Loosely Coupled Inference, Decision Making, and Truth Maintenance

Ontopedia is a system that can “infer a little bit something here”, “find some knowledge conflicts there”, “make some new decisions”, “infer a little bit more”, “review some decisions” etc. All these activities can be performed in any order by various components.
All activities are recorded in the “activity log” (it is available as RSS/ATOM feed). Various modules can explore activity log and use it for managing own activities and cooperation between modules. In general, modules can run in parallel in various areas of Ontopedia’s knowledge base. These activities can be directed buy user community through user interface or can be directed by “controller” software components.

I developed this approach and related system architecture in late 80s and used it successfully in various projects for relatively small data sets during last 20 years. What is exciting about 2010? It’s availability of huge data sets on the Web. There is also experience in building Social Web and much better understanding of Collective Intelligence. I could only envision in 1990 that it would be possible to build large stable evolving paraconsistent open knowledge based systems. In 2010, I am pretty sure about this.

Paraconsistent Reasoning in Ontopedia

I did a short presentation about paraconsistent reasoning in Ontopedia on TMRA 2009.


  • Paraconsistent reasoning allows to collect assertions from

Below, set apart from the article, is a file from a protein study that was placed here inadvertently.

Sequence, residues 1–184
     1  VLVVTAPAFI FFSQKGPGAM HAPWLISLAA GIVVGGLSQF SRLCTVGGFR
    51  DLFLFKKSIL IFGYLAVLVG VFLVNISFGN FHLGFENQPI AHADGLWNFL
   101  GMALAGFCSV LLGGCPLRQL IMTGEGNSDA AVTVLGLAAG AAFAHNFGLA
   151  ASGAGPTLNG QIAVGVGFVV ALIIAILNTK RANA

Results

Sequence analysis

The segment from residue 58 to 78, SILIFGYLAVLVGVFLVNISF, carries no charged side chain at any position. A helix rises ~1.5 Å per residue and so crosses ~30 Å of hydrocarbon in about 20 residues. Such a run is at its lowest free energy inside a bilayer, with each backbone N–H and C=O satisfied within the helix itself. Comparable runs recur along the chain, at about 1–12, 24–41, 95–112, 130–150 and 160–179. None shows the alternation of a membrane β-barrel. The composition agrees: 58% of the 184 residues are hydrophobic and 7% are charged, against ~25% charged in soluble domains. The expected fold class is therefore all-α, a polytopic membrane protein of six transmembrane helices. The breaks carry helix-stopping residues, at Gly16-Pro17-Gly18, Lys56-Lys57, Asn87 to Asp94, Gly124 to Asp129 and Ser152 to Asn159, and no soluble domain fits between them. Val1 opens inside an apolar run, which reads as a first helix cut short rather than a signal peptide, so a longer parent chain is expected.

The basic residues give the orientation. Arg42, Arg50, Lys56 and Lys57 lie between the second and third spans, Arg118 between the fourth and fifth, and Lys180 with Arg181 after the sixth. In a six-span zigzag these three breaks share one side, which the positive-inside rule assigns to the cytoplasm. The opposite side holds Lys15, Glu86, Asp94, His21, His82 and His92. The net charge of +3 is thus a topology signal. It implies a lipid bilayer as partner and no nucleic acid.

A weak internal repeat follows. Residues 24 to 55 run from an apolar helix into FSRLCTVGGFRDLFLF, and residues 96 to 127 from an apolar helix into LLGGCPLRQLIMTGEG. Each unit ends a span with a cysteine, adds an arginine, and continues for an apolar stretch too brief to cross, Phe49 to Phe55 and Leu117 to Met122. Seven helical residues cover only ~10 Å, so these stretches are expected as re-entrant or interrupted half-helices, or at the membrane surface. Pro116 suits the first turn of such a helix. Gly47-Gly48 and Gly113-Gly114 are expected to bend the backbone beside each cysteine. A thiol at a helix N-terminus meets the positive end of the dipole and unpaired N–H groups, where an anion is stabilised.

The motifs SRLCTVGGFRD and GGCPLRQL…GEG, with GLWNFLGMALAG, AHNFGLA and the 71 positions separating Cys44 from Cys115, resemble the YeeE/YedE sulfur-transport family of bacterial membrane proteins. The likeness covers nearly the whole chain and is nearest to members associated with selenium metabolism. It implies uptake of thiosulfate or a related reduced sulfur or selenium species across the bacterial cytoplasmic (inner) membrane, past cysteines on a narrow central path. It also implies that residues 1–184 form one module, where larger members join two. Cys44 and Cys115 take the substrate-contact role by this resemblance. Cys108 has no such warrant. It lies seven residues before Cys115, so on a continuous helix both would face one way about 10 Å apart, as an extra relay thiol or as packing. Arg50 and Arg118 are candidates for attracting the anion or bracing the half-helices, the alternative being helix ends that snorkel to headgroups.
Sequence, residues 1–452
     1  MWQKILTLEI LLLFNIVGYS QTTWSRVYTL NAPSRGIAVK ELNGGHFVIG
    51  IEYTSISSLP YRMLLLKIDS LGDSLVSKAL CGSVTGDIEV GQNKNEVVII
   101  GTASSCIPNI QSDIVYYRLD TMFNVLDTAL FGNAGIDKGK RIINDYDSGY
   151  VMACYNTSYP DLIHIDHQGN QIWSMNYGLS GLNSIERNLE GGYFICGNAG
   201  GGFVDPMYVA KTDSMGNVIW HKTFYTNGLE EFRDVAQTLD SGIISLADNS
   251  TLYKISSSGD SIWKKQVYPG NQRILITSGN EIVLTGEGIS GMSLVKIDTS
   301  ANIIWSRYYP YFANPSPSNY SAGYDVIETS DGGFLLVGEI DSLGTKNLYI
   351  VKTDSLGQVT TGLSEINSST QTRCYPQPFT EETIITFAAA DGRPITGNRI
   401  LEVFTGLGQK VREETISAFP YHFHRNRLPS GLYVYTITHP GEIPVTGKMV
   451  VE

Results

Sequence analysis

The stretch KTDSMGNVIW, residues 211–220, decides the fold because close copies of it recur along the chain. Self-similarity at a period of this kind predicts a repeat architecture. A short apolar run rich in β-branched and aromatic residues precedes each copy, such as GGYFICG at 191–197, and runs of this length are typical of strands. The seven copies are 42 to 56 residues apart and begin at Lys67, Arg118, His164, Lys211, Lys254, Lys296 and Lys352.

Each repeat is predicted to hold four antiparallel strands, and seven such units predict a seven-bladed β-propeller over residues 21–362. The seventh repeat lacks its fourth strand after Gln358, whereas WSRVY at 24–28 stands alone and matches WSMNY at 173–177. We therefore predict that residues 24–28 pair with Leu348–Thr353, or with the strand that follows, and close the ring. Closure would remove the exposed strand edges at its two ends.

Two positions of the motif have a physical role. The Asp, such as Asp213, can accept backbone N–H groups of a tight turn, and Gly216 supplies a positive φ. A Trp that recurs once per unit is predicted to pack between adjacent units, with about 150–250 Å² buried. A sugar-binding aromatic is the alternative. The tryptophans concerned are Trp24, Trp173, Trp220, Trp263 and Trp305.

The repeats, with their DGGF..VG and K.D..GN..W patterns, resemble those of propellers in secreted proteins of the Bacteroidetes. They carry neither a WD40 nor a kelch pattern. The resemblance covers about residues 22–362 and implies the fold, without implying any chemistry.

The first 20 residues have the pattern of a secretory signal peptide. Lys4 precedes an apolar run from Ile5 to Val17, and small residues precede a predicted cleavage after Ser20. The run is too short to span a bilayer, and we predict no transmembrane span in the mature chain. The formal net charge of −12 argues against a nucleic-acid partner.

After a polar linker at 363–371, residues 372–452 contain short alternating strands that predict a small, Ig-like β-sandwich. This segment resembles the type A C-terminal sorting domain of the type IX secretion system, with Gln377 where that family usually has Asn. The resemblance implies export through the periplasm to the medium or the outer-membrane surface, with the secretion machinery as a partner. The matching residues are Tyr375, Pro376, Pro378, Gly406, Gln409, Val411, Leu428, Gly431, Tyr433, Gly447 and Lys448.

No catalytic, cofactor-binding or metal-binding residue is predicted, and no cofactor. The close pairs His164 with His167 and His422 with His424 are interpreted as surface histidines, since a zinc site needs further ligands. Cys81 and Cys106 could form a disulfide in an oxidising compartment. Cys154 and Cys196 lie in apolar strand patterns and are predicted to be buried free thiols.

various sources and “safely” infer new information
  • Paraconsistent reasoning works well together with constraint
    languages (such as TMCL)
  • Paraconsistent reasoning supports evolutionary approach to
    building large assertion systems
  • We do not need to “fix all errors” before we can reason

Carl Hewitt – Actor model, OWL, knowledge inconsistency and paraconsistent logic

ITConversations published recently Jon Udell’s interview with Carl Hewitt. In this interview – “Interdependent Message-Passing ORGs”, Carl Hewitt shares his ideas about distributed computations, Actor model, inconsistent knowledge, paraconsistent logic and semantic web.

Carl Hewitt’s work has been an inspiration to me for more than 20 years. Knowledge inconsistency is a fundamental reality of our life. When we build computer systems, we can ignore it, we can try to create artificial boundaries, artificial worlds with “guaranteed” knowledge consistency. Alternative approach is to accept from the beginning that we have to deal with inconsistency and create systems that can represent inconsistent knowledge, reason within inconsistent knowledge bases and utilize mechanisms which help to keep inconsistency “under control”.

I made the choice many years ago in favor of this alternative approach and used it in building many computer systems over the years. Our recent project – Ontopedia PSI server is not an exception. Ontopedia PSI server allows to represent opinions from various sources, including contradictory opinions. Ontopedia’s reasoning engine is justification based (as everything in Ontopedia – work in progress :) which means that decision about each assertion is based on comparison between various opinions and their justifications. Reasoning inside of Ontopedia PSI server is paraconsistent. Inference engine can find contradictory assertions in some areas of Ontopedia’s knowledge base. Local contradictions do not prevent reasoning engine from inferring reasonable assertions in other areas of knowledge base and there is no ‘explosion of assertions’.

Reasoning in Ontopedia PSI server is also ‘adaptive’. We anticipate that when various sources ‘see’ results of comparison between various opinions and ‘see’ consequences of their statements in several ‘steps ahead’, then sources can change their original opinions.

Ontopedia PSI server actually ‘likes’ contradictions. Contradictions are starting points of identifying errors, negotiations, improving knowledge models and as a result – knowledge evolution.


Interdependent Message-Passing ORGs, interview on ITConversations